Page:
Republicans may be good at winning elections, but they’re awful at actually governing.
Case in point? Republican Speaker of the House John Boehner recently invited Israeli Prime Minister Benjamin Netanyahu to speak to Congress, despite the fact that Congress isn’t empowered to conduct foreign policy; that responsibility actually falls to the President of the United States.
Republicans and Netanyahu likely wanted to shift the focus to derailing international diplomacy, but they’ve instead been forced to explain who’s responsible for this fiasco.
The fact that Israeli Ambassador Ron Dermer talked to Jeffrey Goldberg late last week and tried to pin this mess on House GOP leaders – a dubious argument, to be sure – was itself evidence of just how messy this has become.
Last week, even Robert Kagan, a leading neoconservative and no ally of the Obama White House, made a detailed case against the Netanyahu/GOP partnership and urged the Israeli prime minister to cancel his speech to Congress.
Hoping to undo some of the damage, Netanyahu reportedly worked the phones last week, reaching out to Democratic leaders to calm the waters, but Nancy Pelosi and Harry Reid told the Israeli leader what he already knew: by going around the White House to partner with Republicans, Netanyahu has done real damage.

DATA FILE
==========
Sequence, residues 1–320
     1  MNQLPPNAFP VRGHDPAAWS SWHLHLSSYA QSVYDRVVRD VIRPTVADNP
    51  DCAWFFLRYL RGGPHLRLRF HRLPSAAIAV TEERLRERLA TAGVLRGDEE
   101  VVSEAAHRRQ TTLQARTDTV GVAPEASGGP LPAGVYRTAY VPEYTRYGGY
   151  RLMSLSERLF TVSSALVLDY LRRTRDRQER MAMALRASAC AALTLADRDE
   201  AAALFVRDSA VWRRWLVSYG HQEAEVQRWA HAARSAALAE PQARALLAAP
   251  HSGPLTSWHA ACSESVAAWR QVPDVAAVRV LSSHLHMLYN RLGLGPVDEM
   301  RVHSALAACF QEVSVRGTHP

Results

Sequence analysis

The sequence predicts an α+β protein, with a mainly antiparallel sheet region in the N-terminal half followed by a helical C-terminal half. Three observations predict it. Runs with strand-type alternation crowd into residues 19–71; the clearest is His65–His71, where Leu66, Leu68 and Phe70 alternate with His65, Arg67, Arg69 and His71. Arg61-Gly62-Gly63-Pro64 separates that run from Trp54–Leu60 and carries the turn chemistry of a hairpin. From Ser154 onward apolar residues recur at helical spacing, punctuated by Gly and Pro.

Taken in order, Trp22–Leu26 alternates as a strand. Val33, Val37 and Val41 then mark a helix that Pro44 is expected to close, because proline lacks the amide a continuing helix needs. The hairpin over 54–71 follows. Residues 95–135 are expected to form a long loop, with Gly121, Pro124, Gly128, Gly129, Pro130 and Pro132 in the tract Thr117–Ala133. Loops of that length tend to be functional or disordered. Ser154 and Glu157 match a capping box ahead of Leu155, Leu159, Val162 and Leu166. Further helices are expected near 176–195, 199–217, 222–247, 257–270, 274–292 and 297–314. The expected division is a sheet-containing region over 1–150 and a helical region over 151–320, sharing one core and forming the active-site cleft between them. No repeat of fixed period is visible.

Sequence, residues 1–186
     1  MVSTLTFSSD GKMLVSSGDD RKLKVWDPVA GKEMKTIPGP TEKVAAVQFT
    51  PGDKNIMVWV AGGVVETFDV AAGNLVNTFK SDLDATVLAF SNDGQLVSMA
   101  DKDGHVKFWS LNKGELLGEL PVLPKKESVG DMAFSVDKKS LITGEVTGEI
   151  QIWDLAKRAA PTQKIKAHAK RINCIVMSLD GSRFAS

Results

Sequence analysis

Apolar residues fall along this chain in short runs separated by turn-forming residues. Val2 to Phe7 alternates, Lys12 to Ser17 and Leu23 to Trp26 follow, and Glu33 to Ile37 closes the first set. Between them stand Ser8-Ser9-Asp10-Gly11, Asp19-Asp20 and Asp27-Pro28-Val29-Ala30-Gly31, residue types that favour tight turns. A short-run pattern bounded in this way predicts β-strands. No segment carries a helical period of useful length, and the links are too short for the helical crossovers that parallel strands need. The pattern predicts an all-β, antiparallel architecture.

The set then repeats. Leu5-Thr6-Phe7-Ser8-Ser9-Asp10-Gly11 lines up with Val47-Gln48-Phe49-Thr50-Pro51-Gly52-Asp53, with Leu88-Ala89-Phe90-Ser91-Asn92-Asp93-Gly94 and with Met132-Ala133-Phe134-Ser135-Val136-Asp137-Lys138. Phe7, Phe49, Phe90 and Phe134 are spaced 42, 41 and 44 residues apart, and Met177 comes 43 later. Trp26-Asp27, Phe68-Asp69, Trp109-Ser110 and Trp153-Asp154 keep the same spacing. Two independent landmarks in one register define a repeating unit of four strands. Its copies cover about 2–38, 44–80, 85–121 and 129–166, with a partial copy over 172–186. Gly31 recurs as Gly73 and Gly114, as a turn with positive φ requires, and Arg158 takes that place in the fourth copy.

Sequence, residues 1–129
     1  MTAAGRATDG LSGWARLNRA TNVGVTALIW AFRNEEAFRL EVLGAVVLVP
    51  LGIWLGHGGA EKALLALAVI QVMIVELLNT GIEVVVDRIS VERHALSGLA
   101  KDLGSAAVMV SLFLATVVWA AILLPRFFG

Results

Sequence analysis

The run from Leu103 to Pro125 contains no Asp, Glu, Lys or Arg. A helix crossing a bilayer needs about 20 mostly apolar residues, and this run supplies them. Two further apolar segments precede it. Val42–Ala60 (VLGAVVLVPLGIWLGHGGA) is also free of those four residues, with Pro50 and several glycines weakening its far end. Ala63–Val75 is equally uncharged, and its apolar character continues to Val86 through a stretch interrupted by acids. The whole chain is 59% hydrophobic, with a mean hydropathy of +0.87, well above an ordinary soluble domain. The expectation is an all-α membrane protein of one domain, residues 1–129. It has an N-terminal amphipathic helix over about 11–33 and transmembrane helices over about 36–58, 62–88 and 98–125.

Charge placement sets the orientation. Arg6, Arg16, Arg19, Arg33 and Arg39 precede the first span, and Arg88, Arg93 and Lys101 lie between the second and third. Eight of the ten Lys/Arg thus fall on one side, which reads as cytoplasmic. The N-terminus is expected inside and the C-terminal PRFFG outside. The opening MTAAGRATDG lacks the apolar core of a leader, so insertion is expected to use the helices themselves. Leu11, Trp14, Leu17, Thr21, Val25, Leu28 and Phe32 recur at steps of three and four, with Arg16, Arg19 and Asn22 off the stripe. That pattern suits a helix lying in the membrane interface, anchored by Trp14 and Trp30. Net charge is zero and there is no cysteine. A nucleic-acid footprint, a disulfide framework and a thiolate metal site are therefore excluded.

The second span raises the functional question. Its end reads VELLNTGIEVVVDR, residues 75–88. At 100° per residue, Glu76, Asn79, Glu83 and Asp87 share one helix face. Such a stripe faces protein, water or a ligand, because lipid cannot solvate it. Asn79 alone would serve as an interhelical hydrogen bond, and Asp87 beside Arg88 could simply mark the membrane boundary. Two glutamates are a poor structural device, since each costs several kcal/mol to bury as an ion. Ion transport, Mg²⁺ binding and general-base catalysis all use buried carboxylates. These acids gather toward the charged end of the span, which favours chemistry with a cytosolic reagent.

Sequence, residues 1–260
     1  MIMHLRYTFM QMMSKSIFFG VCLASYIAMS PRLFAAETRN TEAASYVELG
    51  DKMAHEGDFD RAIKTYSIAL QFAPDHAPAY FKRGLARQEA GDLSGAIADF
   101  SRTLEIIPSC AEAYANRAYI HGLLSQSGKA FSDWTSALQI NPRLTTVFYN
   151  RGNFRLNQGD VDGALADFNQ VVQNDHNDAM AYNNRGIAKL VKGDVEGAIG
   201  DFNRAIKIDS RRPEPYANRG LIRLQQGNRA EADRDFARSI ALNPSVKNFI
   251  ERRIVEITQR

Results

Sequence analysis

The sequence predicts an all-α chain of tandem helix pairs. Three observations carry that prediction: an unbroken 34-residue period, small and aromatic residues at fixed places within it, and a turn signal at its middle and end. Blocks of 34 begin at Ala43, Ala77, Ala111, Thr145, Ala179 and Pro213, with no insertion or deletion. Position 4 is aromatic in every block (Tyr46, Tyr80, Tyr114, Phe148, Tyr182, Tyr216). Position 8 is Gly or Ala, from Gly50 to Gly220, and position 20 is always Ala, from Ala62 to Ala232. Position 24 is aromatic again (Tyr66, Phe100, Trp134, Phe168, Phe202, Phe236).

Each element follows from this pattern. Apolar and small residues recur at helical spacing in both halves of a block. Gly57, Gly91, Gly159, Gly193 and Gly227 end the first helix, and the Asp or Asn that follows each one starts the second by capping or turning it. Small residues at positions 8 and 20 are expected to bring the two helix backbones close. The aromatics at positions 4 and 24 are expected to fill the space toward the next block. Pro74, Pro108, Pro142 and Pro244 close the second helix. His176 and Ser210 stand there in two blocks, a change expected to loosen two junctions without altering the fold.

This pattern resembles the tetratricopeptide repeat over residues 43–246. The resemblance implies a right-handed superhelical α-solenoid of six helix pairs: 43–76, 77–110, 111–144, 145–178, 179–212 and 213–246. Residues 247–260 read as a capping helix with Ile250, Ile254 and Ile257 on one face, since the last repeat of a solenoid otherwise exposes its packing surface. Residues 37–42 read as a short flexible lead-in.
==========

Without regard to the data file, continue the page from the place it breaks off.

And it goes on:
There’s an interesting debate underway about whose screw-up was more severe: Boehner’s or Netanyahu’s. To my mind, it’s a close call – on the one hand, the Speaker took deliberate steps to undermine American foreign policy at a delicate time, siding with a foreign government over his own president, while arguably taking steps to intervene in a foreign election. On the other hand, the Prime Minister needlessly undermined his frayed relationship with the White House, risked damaging Israel’s standing in the U.S., and probably strengthened the diplomatic talks he hoped to ruin.
It was of interest to see former Secretary of State James Baker, a Republican from the Reagan and Bush eras, speak out yesterday about the protocol breach: “[T]he executive branch of government really has the primary power and responsibility and authority to conduct the nation’s foreign policy. It’s not in the Congress, it’s in the executive branch. So our foreign policy benefits when there’s cooperation and so does the issue of U.S.-Israeli relations.”
Indeed, the beneficiary of this little debacle is President Obama, whose hand has been strengthened, at least for now, while Team Boehner and Team Netanyahu argue over whose actions were more misguided.